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It's hard to miss him -- the little Mexican man wearing the red sombrero, taking a siesta up against a cactus, sporting a very full looking stomach. He's the one Detroit Lakes has gotten to know as a signature of the city's only homegrown, quick-serve Mexican restaurant, Miguel's. The little man (who inspires us all to be as full and happy has he is) has moved from the side of the old Miguel's building to the top of the new one. The locally owned business has just re-opened in the new Downtown Crossing development along Highway 10 in Detroit Lakes -- just a hop, skip and a jump away from
Every year, one out of every eight women in the United States is told she has breast cancer. According to statistics provided from the Susan G. Komen for the Cure website, 39,510 women in the U.S.
Members of the Detroit Lakes Regional Chamber of Commerce gathered at the Holiday Inn Thursday night for evening of celebration, as the annual banquet was held. "It's a celebration of all of our volunteers, board of directors and all the people that contribute to the business of doing business in the Detroit Lakes region," said Chamber President Carrie Johnston. Roughly 150 of the chamber's 450 members were in attendance for the event, which promoted the theme, "Volunteers are our rock." During the ceremony, LeAnn Mouw, outgoing chairman of the chamber's board of directors, announced ann
55-year-old George Buck of Detroit Lakes smiles and jokes around while serving the bread that goes with lunch that day ...
Gardening is something many get excited about this time of year, and now, thanks to a new community garden in Detroit Lakes, even city folk can join in. They literally broke ground on the project last year for the first time, creating an 8-plot garden in the Industrial Park across from Snappy's in Detroit Lakes. But popularity blossomed and that had organizers almost doubling the garden this year to 15 10 foot by 10 foot plots. "The interest is defiantly there -- people are just excited to grow their own produce," said Marsha Parker, a member of the Master Gardeners of Becker County, a r
Walking into the Becker County Maximum-Security Jail, an everyday citizen might first view the scene in black and white (with splashes of orange from the inmates' jumpsuits). There are the good guys with the badges and guns and the bad guys in their cells. But with a closer look, the scene can quickly come to life with color as stories are told and inmates become more than their orange jumpsuit, but people with families; people with dreams. And although some may be undeserving of them by society's standards, others just may turn their time in the "clink" into the brink of new beginnings.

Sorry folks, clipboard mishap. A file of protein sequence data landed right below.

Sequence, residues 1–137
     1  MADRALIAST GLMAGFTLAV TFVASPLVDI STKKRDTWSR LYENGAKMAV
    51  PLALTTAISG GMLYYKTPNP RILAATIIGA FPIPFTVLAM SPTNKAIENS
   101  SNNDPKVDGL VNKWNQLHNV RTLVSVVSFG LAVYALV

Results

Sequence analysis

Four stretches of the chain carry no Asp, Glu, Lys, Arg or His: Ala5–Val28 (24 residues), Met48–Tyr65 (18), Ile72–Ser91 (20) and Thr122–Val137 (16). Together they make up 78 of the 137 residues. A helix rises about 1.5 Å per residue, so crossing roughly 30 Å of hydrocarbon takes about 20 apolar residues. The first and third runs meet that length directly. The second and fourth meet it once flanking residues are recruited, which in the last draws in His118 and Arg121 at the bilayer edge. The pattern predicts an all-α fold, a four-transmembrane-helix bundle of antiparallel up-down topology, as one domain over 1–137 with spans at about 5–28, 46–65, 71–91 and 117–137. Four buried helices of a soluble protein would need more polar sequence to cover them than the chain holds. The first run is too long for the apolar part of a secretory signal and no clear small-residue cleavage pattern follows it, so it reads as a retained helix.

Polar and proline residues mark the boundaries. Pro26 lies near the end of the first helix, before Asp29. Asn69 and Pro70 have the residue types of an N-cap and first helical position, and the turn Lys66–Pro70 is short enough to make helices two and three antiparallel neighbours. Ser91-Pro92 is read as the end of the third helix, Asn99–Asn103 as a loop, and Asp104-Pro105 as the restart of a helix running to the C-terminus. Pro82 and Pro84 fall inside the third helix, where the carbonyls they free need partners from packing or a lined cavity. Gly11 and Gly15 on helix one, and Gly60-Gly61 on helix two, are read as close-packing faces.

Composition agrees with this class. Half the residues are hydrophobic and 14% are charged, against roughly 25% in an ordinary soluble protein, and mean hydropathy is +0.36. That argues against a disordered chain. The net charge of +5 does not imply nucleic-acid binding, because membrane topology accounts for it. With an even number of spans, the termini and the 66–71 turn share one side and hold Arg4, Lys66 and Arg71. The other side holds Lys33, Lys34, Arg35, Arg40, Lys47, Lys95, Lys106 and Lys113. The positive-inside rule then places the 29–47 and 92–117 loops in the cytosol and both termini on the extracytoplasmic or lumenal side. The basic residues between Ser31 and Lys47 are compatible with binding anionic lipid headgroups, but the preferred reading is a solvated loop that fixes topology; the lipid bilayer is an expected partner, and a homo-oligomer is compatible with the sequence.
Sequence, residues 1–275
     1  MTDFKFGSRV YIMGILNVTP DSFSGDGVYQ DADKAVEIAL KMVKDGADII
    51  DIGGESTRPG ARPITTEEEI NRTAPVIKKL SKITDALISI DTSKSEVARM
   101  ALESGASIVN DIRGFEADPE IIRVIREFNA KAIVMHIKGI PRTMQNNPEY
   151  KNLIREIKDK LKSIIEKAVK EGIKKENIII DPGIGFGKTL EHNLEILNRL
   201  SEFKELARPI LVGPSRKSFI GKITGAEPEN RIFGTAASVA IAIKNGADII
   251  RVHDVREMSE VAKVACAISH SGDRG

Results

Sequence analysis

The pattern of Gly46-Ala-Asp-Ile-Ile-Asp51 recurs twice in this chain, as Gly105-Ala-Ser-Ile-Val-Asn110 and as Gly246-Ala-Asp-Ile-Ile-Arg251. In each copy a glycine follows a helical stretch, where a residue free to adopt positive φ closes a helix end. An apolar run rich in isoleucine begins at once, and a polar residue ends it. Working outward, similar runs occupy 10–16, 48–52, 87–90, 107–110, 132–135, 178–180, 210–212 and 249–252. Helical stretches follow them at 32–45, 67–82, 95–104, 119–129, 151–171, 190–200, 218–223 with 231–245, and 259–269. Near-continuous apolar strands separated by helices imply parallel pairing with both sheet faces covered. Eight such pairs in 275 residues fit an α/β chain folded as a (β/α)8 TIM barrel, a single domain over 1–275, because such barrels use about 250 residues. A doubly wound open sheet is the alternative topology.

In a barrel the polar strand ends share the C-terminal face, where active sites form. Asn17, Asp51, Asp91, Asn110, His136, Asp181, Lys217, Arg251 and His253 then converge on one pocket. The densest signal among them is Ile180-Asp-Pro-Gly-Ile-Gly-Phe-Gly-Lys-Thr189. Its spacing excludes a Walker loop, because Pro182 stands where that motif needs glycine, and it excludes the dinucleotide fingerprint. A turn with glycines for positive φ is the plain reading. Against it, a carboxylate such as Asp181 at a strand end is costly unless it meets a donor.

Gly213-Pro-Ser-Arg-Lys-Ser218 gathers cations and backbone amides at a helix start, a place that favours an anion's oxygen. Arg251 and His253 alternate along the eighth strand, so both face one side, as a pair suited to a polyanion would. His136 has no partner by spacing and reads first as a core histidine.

Heart disease isn't just for people over 60. It isn't just for the overweight or the overstressed or the over-drinkers.
George and Becky Johnson have now made their mark on a prominent corner in Detroit Lakes. The Frazee area couple officially opened George & Becky's Corner Café at 1201 Washington Avenue April 3. If the name sounds familiar, that's because the long time husband and wife had what was called George & Becky's Corner Bar in Frazee for two and a half years. "But our lease was up in that building there, and we decided to close it up and pursue this -- this is my dream," said Becky Johnson, looking around the simple, but quaint café that smelled of homemade pies.
Growing up a boy scout, Shannon Deltener of Hawley liked to always be prepared. Now, the Hawley man is taking that mentality into adulthood and into the e-commerce industry. Deltener has recently launched a website to sell Crisis Cuisine -- an array of prepared food packaged up and ready for some very long-term storage. "Most of our food lasts somewhere between 15 to 25 years," he said, holding a bag of chicken cheddar rice that says 'best if used by 02 Feb 27'. The idea behind Crisis Cuisine is to purchase it and then stick it away for an emergency situation, whether it be a natural o
Becker County residents came through with shining colors in an effort to plump up the Becker County Food Pantry. Donations poured in last month, as many took advantage of a private program called Hunger Solutions that partially matches donations made in March. "We not only met our goal, but we exceeded it a little bit," said Becker County Food Pantry Director Jack Berenz, who says the magic number they were hoping to see was 100,000, which is attained through the number of dollars donated and the pounds of food collected. "And we actually saw 106,00 this year, and that was the second bes